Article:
Sheep are just too dumb to live.

Wolves "kill" 176 sheep. 10 had bite wounds. The rest asphyxiated.
 
2014-01-27 03:52:58 AM  

Gyrfalcon: redmid17: Jim_Callahan: Dadoo: I'm always hearing stories about how a couple of wolves will take out an entire flock of sheep in one night (just for fun, apparently), but now I'm beginning to question how many are true.

Zero of them.

Wolves are pack hunters, they'll cut an animal (usually a weaker/slower one) using basic pack strategy, kill it, and eat it.  They're also scent trackers, so packs will typically stay as far away from anything that smells like humans or our vehicles as possible.

They won't intentionally worry a herd beyond what's necessary to get their one kill, and generally won't even touch actual domestic animals.

If you're curious, there is a pack species that  will harry and slaughter domestic livestock just because they're dicks that find it funny.  They're called feral dogs, and shooting them is entirely legal (well, anyplace that discharging a firearm in general is legal).  Bonus points for them being one of maybe two wild species present in the US that can be a real danger to humans (the other two being the mountain lion and the grizzly bear, wolves aren't on the list at all because, again, pack hunters are smarter than that).

// Also "a couple wolves" is not really a thing.  A typical wolf pack has 6-7 members, and they go up to about 15-20 but don't really go below 4 very often.

You're wrong and assuming that all the deaths are directly caused by the wolves. They aren't. Wolves tend to go for the minimal kill, but it doesn't mean they won't go for more than they need.

I heard once, a very long time ago, that it's the running thing that causes wolves to go crazy when they encounter penned livestock. Since wolves normally have to run their prey down over long distances, and that would cause stronger animals to gain distance and weaker animals to drop behind, wolves will attack animals that "stop running", like penned animals have to do. That sends the wolves kill-instinct into overdrive, as if they're faced suddenly with dozens of deer t ...


I won't pretend to know the entire wolfpack mindset/dynamic, but I do know they can and will kill more than they have to. Most predators do. Coyotes and foxes are not wolves, but it only takes once cleaning out a formerly occupied turkey coop to learn that animals aren't always going for the minimal.
 
2014-01-27 03:54:31 AM  
Even a man who is pure in heart
 and says his prayers by night,
 may become a wolf
when the wolfbane blooms
and the autumn moon is bright.
img.fark.net
I am sure the good citizens in Idaho will find a solution to their infinite recursion problem.
 
2014-01-27 04:08:11 AM  
Gyrfalcon:
No: Elk were never "endangered"--there were too many, and if the numbers went down when wolves were reintroduced, it's because that's the CORRECT number of elk for the area. There are not supposed to be half a million elk in the area; there are supposed to be 20,000. It's not about the elk, its about being able to kill wolves, because it's so manly to shoot a dog.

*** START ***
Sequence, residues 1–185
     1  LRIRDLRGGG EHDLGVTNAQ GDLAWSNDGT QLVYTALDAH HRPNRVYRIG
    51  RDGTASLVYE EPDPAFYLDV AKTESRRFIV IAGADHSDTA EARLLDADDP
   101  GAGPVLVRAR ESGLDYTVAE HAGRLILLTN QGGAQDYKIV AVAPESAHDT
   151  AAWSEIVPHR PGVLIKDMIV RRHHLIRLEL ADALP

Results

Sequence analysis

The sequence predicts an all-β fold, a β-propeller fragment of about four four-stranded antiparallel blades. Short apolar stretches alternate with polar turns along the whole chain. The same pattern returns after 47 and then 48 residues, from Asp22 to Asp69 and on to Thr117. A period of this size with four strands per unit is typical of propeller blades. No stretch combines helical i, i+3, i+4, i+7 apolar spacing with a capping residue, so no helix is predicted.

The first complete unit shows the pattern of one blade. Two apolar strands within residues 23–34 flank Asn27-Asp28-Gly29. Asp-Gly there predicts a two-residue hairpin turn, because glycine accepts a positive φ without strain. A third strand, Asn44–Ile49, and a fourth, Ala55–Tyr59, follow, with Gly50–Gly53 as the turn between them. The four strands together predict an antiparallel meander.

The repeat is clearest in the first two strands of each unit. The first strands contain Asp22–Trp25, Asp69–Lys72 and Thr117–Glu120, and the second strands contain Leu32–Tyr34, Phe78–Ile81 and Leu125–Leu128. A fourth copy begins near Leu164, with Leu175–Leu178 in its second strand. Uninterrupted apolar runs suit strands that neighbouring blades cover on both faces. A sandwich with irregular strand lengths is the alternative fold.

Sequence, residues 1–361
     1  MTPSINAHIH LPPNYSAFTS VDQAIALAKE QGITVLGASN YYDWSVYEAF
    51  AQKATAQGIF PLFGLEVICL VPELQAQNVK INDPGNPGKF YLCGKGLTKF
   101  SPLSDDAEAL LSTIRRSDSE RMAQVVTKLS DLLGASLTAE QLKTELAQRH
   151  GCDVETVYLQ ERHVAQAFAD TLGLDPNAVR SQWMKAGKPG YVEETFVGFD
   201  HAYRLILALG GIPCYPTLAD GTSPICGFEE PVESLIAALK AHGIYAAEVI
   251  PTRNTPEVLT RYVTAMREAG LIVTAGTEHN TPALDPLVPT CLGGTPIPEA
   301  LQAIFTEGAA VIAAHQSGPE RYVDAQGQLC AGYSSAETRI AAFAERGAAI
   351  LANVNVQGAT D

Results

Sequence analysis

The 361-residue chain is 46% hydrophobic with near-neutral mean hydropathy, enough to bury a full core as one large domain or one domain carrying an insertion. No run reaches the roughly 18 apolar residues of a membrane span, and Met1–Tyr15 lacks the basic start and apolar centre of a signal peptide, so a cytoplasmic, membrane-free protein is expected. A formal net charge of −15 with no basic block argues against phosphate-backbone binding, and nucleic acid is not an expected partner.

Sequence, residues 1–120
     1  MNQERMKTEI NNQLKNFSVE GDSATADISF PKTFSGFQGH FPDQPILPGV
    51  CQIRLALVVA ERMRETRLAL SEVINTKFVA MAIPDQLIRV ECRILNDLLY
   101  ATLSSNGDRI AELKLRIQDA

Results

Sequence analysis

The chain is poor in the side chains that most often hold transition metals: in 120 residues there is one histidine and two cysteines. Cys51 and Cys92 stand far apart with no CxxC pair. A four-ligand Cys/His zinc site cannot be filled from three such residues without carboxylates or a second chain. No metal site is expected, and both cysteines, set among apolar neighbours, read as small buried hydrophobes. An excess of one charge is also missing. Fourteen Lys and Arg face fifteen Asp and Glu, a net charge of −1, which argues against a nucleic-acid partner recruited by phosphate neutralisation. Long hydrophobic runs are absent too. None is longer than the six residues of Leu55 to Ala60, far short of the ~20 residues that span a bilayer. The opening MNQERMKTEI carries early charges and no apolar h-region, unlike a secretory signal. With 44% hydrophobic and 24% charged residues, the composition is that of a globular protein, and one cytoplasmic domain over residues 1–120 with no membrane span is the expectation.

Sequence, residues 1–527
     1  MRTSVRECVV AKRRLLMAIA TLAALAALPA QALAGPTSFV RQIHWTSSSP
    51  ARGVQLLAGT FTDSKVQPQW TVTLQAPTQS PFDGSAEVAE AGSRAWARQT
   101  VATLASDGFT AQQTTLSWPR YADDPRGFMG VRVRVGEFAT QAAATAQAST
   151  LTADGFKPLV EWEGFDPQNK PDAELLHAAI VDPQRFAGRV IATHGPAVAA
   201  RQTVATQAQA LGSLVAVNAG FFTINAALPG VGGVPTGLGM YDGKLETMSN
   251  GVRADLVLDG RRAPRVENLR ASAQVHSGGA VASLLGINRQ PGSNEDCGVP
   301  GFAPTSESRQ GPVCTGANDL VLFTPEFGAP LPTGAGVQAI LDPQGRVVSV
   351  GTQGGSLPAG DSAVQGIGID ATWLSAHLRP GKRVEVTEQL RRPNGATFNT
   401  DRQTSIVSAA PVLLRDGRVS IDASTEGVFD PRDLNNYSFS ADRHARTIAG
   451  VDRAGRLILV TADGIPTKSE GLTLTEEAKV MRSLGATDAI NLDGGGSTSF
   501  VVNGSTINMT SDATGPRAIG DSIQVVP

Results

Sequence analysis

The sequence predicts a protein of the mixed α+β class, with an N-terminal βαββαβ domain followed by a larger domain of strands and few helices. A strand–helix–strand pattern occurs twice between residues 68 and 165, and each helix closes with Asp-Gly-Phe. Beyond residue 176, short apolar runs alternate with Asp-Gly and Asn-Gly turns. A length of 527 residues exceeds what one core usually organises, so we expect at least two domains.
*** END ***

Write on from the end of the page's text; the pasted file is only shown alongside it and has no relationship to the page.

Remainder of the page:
Unlike dogs, wolves really don't give a shiat what people think, and no amount of cajoling or bribery changes it. They make crummy house pets. Even the hybrids are kinda sketchy. Wolves are not just dogs. That said, there aren't enough of them that they need culling. Unless you actually see one stalking your livestock, there's absolutely no gawddam reason why you should kill one.
 
2014-01-27 04:08:36 AM  
I vacation in Northern Idaho and Western Montana every year, the absurd amount of anti-wolf, pro-elk rhetoric running around is a bit tiresome to wade through. If they're having an elk over-abundance, how about simply selling more tags, opening up more land to public hunting, or lowering the price of out-of-state tags. Elk is damn fine meat and I'd gladly hunt one of those rather than the 2-3 local white tailed deer I have to shoot to suffice on for the year, but I simply can't afford the travel or the tags for elk. Or, have controlled hunts and process the meat for needy people, it's nearly identical in texture and flavor to beef for me, most people wouldn't even know it. Or do like Indiana has done with it's overpopulation of white tailed deer, longer hunting seasons, and more tags for does, you know, the real ones that have any control in regards the over-population. In my county alone I could harvest 1 buck and 1 doe (or 2 does) and then up to 8 antlerless deer, all for the low price of $24/license and $15/bonus antlerless tag. That's a farking bargain when it comes to meat.

In this particular article however I absolutely adore the retard commenting over and over about the "non-native wolves". What the fark does that even mean and why does it matter? Where are we going to find "native" wolves when we've exterminated them entirely from the lower 48? They're all the same bloody species, one wolf from British Columbia is nearly genetically identical to all of the others I'd wager. So what if it didn't grow up in Idaho, that doesn't make it any less of a tool for controlling wildlife. But then again this  is Idaho, it's the most bassackwards, mouthbreathing, pit of retardmonkey filth I've traveled to. Kentucky doesn't have anything on the redneck retards of Idaho.